That was a sentiment Biden and congressional Democrats also sought to project. During the debate over the 1994 bill, then-Rep. Mel Watt (D-NC) introduced an amendment to eliminate death penalty provisions for drug kingpin crimes where no death occurred. Most Democrats voted against the amendment, and it went down in flames. In 1996, Biden joked that “someone asleep for the last 20 years might wake up and think Republicans were representing Abbie Hoffman and Democrats were representing J. Edgar Hoover.”

The death penalty alone was huge for the Democratic Party's image projection; Clinton's Attorney General nominee, Janet Reno, boasted of “regularly” seeking the death penalty as Dade County state attorney. The Department of Justice boosted its defendants submitted for death penalty review from 47 (1988-1994) to 682 between 1995 and 2000.

A small group of progressive Democrats, mostly African Americans, requested that federal death penalty legislation include the Racial Justice Act (RJA), which sought to allow those convicted of the death penalty to use statistical data to support allegations of racial discrimination.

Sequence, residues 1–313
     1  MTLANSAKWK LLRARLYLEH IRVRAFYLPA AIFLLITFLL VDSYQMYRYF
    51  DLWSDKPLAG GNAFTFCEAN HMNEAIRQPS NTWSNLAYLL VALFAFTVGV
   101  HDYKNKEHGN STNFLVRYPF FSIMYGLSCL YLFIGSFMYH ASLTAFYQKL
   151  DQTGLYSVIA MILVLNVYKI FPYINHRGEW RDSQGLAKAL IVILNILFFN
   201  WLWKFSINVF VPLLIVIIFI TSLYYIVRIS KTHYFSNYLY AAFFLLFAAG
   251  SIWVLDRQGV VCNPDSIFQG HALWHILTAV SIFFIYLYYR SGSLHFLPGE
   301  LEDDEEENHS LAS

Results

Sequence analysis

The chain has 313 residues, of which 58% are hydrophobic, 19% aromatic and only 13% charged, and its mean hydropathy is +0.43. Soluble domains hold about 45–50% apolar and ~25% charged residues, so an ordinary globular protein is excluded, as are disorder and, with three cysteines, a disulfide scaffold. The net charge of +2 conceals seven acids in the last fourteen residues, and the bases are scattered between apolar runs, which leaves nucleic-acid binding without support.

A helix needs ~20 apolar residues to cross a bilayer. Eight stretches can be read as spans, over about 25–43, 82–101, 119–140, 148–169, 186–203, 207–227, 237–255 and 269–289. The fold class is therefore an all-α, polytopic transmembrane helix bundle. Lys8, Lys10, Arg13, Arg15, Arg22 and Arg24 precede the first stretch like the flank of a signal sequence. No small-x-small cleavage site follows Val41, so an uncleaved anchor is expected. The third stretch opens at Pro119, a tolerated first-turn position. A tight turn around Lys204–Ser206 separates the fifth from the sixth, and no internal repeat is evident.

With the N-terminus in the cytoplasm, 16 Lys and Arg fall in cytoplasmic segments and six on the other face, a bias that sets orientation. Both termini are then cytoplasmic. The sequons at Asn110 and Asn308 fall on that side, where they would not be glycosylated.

The Clinton White House was silent on the RJA, and it didn't make it into 1994 death penalty legislation. A memo later released to the public revealed why. As author Naomi Murakawa notes in her book The First Civil Right: How Liberals Built Prison America, a White House document titled “Draft Q&A/Racial Justice Act” wrote “[President gives his statement on the urgency of the crime bill. No mention of RJA.] If the administration were to be asked about the RJA, it would reply that Clinton's initiative was to “pass the bill and get those cops out on the streets,” whether there was an RJA included or not.

Thus, the prison population saw a dramatic increase under the Clinton administration, with the support of most Congressional Democrats (and of course most Republicans, who continued to egg on the Democrats to go even further to the right). Here's what the prison population boom looked like, illustrated by the Center for Budget and Policy Priorities: